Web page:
Voyager I flies near Saturn - HISTORY
Year
1980

Voyager I flies near Saturn

More than three years after its launch, the U.S. planetary probe Voyager 1 edges within 77,000 miles of Saturn, the second-largest planet in the solar system. The photos, beamed 950 million miles back to California, stunned scientists. The high-resolution images showed a world that seemed to confound all known laws of physics. Saturn had not six, but hundreds of rings. The rings appeared to dance, buckle, and interlock in ways never thought possible. Two rings were intertwined, or “braided,” and pictures showed dark radial “spokes” moving inside the rings in the direction of rotation. Voyager 2, a sister spacecraft, arrived at Saturn in August 1981. The Voyagers also discovered three new moons around Saturn and a substantial atmosphere around Titan, Saturn’s largest moon.

Voyager 1 was preceded to Saturn by Pioneer 11, a smaller and less sophisticated U.S. spacecraft that flew by the gas giant in September 1979. The Voyager spacecrafts were equipped with high-resolution television cameras that sent back more than 30,000 images of Saturn, its rings, and satellite. Voyager 1 was actually launched 16 days after Voyager 2, but its trajectory followed a quicker path to the outer planets.

Voyager 1 flew by Jupiter in March 1979, followed by Voyager 2 four months later. Both spacecraft then continued on to Saturn, with Voyager 1 arriving in November 1980 and Voyager 2 in August 1981. Voyager 2 was then diverted to the remaining gas giants, arriving at Uranus in January 1986 and Neptune in August 1989. Voyager 1, meanwhile, studied interplanetary space and continued on to the edge of the solar system.

In February 1998, Voyager 1 became the most distant man-made object from the sun, surpassing the distance of Pioneer 10. Voyager 2 is also traveling out of the solar system but at a slower pace. Both Voyager spacecrafts contain a gold-plated copper disk that has on it recorded sounds and images of Earth. Along with 115 analog images, the disk features sound selections that include greetings in 55 languages, 35 natural and man-made sounds, and portions of 27 musical pieces. The Voyagers are expected to remain operable until about the year 2020, periodically sending back data on the edge of the solar system.

ALSO ON THIS DAY

Japanese war criminals sentenced

An international war crimes tribunal in Tokyo passes death sentences on seven Japanese military and government officials, including General Hideki Tojo, who served as premier of Japan from 1941 to 1944. Eight days before, the trial ended after 30 months with all 25 Japanese ...read more

First meteor shower on record

Andrew Ellicott Douglass, an early American astronomer born in Vermont, witnesses the Leonids meteor shower from a ship off the Florida Keys. Douglass, who later became an assistant to the famous astronomer Percival Lowell, wrote in his journal that the “whole heaven appeared as ...read more

Ellis Island closes

On this day in 1954, Ellis Island, the gateway to America, shuts it doors after processing more than 12 million immigrants since opening in 1892. Today, an estimated 40 percent of all Americans can trace their roots through Ellis Island, located in New York Harbor off the New ...read more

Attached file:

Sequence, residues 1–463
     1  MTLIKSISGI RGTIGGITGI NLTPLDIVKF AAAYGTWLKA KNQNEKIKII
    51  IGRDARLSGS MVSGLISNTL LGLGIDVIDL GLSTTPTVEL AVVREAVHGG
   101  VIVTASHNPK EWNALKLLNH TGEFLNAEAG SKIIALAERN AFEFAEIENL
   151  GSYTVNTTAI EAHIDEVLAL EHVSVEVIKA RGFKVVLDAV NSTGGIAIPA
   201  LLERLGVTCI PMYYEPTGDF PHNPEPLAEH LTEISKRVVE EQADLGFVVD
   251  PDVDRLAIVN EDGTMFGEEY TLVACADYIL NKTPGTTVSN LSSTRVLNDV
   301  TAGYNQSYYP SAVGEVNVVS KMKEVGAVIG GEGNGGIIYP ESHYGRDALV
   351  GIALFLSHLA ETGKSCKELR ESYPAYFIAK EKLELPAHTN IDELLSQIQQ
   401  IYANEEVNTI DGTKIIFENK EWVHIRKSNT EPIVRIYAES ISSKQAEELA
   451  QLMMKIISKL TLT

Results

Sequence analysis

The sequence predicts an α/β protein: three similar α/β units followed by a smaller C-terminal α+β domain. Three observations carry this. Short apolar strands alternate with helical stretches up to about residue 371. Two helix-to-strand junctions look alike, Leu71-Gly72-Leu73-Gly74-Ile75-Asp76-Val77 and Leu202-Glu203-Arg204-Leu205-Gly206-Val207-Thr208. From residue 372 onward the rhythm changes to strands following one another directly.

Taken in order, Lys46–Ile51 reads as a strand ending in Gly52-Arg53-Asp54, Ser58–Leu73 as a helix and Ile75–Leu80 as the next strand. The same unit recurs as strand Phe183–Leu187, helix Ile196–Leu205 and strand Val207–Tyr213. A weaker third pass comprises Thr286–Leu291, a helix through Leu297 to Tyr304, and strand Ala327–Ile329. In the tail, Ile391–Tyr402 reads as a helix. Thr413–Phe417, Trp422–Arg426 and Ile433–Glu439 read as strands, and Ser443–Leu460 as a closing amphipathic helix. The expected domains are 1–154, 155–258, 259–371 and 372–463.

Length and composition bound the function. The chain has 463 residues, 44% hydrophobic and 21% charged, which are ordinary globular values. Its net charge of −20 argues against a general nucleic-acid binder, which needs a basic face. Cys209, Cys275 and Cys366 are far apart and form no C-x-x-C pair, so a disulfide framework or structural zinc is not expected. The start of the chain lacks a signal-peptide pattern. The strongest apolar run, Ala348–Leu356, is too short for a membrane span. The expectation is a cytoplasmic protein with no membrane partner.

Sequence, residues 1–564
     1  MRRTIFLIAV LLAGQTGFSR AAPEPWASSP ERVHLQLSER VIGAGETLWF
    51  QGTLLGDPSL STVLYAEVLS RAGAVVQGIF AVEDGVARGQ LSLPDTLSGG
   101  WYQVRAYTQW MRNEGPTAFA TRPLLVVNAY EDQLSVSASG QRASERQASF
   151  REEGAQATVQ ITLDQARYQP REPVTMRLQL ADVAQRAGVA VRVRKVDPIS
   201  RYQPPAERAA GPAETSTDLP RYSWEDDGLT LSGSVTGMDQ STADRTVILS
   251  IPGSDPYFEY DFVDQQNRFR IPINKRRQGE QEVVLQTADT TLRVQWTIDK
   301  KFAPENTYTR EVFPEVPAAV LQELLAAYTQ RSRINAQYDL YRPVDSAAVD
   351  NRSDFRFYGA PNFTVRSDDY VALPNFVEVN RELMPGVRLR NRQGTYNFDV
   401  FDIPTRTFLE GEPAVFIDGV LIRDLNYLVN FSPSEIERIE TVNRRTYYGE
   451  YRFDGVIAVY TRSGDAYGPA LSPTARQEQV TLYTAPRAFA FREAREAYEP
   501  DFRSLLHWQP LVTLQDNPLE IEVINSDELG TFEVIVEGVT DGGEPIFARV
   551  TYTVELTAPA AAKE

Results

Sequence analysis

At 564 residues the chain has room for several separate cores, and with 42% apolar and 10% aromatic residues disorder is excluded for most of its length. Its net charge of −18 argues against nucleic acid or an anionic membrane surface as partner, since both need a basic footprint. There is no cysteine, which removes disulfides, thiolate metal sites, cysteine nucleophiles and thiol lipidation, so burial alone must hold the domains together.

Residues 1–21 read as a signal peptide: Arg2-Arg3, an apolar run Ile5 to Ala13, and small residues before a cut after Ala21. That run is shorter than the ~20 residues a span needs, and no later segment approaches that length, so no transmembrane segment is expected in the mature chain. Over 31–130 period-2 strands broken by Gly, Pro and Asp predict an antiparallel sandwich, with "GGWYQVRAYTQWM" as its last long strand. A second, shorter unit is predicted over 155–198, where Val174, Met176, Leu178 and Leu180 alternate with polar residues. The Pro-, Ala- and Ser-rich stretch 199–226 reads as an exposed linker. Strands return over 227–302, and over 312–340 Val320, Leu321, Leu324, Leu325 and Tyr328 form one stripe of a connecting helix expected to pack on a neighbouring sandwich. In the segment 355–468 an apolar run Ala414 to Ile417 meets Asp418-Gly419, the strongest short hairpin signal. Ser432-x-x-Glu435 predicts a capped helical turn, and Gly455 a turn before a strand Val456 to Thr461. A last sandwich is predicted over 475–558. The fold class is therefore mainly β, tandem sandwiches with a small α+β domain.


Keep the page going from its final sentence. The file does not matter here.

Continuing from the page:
Seymour Hersh breaks My Lai story

Seymour Hersh, an independent investigative journalist, in a cable filed through Dispatch News Service and picked up by more than 30 newspapers, reveals the extent of the U.S. Army’s charges against 1st Lt. William L. Calley at My Lai. Hersh wrote: “The Army says he [Calley] ...read more

Carter shuts down oil imports from Iran

On this day in 1979, President Jimmy Carter responds to a potential threat to national security by stopping the importation of petroleum from Iran.Earlier that month, on November 4, 66 Americans at the U.S. Embassy in Tehran had been taken hostage by a radical Islamic group. The ...read more

U.S. reconsiders war with Plains Indians

After more than a decade of ineffective military campaigns and infamous atrocities, a conference begins at Fort Laramie to discuss alternative solutions to the “Indian problem” and to initiate peace negotiations with the Sioux.The United States had been fighting periodic battles ...read more

Plane crashes in Rockaway, New York

An American Airlines flight out of John F. Kennedy (JFK) Airport in New York City crashes into a Queens neighborhood after takeoff on this day in 2001, killing 265 people. Although some initially speculated that the crash was the result of terrorism, as it came exactly two months ...read more

Scott Peterson convicted

On this day in 2004, Scott Peterson is convicted of murdering his wife Laci and their unborn son. A jury of six men and six women delivered the verdict 23 months after Laci Peterson, who was pregnant, disappeared on Christmas Eve from Modesto, California. The case captivated ...read more

The destruction of Atlanta begins

On this day in 1864, Union General William T. Sherman orders the business district of Atlanta, Georgia,destroyed before he embarks on his famous March to the Sea.When Sherman captured Atlanta in early September 1864, he knew that he could not remain there for long. His tenuous ...read more

Goldenrod sets the land-speed record

On this day in 1965, brothers Bill and Bob Summers set a world land-speed record—409.277 miles per hour—on the Bonneville Salt Flats in Utah. They did it in an amazing, hemi-powered hot rod they called the Goldenrod. (The car got its name from the ’57 Chevy gold paint the ...read more